I’ve basically become a glorified Midwestern housewife. Or at least, since I quit my “real job” and became a freelance food writer a year and a half ago, my tastes have begun to skew that way.
Being home in the afternoon on occasion, and armed with an HD Tivo, I’ve managed to see every single Oprah and Ellen show in the last year. (Ironically, I’ve only managed to watch a couple of the Rachael Ray shows, including today, where she did a segment teaching America how to properly peel an onion….seriously.)
Despite my liberal intellectual leanings, I genuinely drink the Oprah juice. Sure, she occasionally works the shallow feel good journalistic angle, but she often tells stories no one else is covering. She’s also the secular female manifestation of Jesus, saving the world one Katrina survivor and one African schoolgirl at a time. And, despite the incongruous ancient Birkenstocks and the stoner looks, everyone knows you don’t mess with Jesus.
I’m so dedicated, that when Jonathan Franzen, author of “The Corrections”, postured as a “principled” writer and spurned Oprah’s Book Club, I dreamt of inviting him to get super drunk with me at some hipster bar like Gold Star here in Chicago, and then once he became witless, I’d punch him in his black writer’s glasses, straight jacket him in a cast -off hoodie, and dump him into Lake Michigan, where tied to a handful of William Gaddis’s (one of his favorite authors) onerous thick ass novels, he’d surely sink.
And Ellen, well it’s tough not to love someone who is truly joyful, someone who amidst all the celebrity pomp over how hard their lives are, really enjoys and is good at her job- though her dancing has become a “jump the shark” rallying cry for me as of late.
The one thing I hate about both Ellen and Oprah is their poor food related segments. Oprah’s usually pimping Rachael Ray or our local boy Art Smith without actually teaching the audience anything.
Ellen, who surely would bristle at an interruption during one of her stand-up acts, becomes the iconoclastic heckler, often making fun, ruining the recipes, and throwing the food of chefs like Jamie Oliver during culinary segments.
Of course, this fear or ignorance regarding food isn’t a problem confined to afternoon television. When Grant Achatz was on the Today show earlier this year, Al Roker, who with his own Food Network show should be the most clued in of the hapless bobbleheads, ended up scarfing down the garnish from Achatz’s Hot Potato/Cold Potato soup before Achatz could explain that the garnish should be released in to the soup where the flavors could meld. Ticky tack point on my part I know, but, gastric bypass or not, Roker was too much the fiend rearing at the trough.
So, yesterday, when I came across Ellen and found that Homaro Cantu of Moto restaurant was going to be on the show, I was sure someone was gonna lose a limb. I figured Degeneres, up to her usual antics, would stick her fingers in a vat of liquid nitrogen or get an eyeball transmogrified by one of Cantu’s lasers.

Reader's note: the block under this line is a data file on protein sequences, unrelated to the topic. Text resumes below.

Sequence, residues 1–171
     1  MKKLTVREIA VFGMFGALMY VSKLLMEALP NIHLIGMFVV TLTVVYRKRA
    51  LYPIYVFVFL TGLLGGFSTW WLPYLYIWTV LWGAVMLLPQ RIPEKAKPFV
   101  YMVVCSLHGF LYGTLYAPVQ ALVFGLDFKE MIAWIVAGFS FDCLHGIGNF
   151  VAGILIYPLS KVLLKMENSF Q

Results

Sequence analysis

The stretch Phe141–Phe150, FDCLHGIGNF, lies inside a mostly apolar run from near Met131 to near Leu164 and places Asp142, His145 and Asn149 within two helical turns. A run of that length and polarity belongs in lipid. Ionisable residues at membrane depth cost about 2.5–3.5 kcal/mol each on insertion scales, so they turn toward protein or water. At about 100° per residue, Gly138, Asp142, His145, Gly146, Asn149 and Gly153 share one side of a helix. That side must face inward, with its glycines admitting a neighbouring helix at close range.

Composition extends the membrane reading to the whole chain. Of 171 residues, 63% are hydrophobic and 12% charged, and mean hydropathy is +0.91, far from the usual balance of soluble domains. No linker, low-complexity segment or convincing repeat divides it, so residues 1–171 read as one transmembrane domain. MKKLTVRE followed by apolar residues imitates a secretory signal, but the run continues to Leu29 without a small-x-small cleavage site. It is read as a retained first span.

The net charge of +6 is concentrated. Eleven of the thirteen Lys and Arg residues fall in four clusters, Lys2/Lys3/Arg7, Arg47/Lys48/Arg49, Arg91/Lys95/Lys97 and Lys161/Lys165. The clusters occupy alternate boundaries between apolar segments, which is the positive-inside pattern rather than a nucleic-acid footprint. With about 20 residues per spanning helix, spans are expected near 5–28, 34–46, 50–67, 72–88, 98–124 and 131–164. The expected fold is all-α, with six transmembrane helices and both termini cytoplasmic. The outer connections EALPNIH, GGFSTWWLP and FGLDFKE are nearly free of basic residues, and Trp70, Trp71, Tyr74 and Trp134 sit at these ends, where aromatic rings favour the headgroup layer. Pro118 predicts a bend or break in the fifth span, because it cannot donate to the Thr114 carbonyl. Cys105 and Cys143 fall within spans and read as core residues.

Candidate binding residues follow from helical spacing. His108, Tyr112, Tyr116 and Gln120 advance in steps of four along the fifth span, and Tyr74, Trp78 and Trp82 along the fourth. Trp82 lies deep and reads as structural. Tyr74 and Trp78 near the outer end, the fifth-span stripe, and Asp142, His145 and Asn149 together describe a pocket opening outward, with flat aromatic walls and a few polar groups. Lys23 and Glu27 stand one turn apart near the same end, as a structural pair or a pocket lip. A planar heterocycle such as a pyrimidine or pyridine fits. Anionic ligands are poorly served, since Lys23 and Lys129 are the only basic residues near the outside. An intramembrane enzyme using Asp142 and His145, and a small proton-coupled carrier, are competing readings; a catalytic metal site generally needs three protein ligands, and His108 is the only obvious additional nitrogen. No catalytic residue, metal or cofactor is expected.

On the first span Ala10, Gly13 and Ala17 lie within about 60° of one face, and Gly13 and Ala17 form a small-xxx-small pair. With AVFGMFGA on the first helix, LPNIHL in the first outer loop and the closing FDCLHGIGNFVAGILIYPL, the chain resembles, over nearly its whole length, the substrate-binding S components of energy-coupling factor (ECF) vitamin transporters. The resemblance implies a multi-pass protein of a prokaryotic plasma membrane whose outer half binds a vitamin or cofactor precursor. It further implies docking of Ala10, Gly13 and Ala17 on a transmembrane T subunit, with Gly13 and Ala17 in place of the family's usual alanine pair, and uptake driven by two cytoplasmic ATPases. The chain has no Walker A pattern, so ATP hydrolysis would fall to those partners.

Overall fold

Apocolyptically, Cantu, who has become the P.T. Barnum of what I’m now dubbing “evolutionary gastronomy” (since his cuisine is very much a punctuated equilibrium of sorts that doesn’t reflect his antecedents very much, and also because most of the chef’s so characterized by the labels “science food” and “molecular gastronomy” reject them as meaningless) tamed Degeneres.
As Cantu zinged his way through birthday cake bubbles and frozen mozzarella, Degeneres was enwrapt like Snoop Dogg in a strip club after smoking a Winston Churchill sized Philly blunt outfitted with Humboldt County’s finest . Degeneres even invited Cantu to come back on the show.
Degeneres did unwittingly say of Cantu’s liquid nitrogen infused birthday cake shell, “It’s just an empty shell. If that’s someone’s birthday, that’s a rip-off. I thought it was going to filled with batter.” And of his liquid nitrogen infused Vichysoisse, that it was just like soup, but that happens to smoke. These are points that many of Cantu’s ardent critics have also made, that his food is, to quote Macbeth, full of sound and fury, signifying nothing.
Ellen even displayed a little of the agitation that an unsuspecting first time Moto diner must feel, inquiring of a piece of fruit nut toast, “Is this just toast? Did you make this any freaky way?”
Degeneres still proved that she has a ways to go. Cantu prepared a plate of “eggs” made from mango and coconut and cold “fried” on a subzero like anti-hotplate and dotted with fresh cracked pepper accompanied by a pipette containing liquid beignet, a nod to Degeneres’s New Orlean’s youth. Ellen recoiling like a vegetarian at an organ meat society dinner told Cantu that it looked good, but that she doesn’t like pepper.
It was kind of like when the invincible boxer Ivan Drago, as played by MIT Engineering grad Dolph Lundgren, bleeds for the first time in Rocky IV. Cantu, the man with an unflappable attention to detail and laser focused brilliance is human! Next time, I bet he’ll be sure to ask his host, as they do at the restaurant, if she has any food allergies or incomprehensible hatred for certain ingredients. Ultimately though it was a magnificent triumph of sorts, that one of Chicago’s own was able to finally create an entertaining food segment in the unfriendliest of places.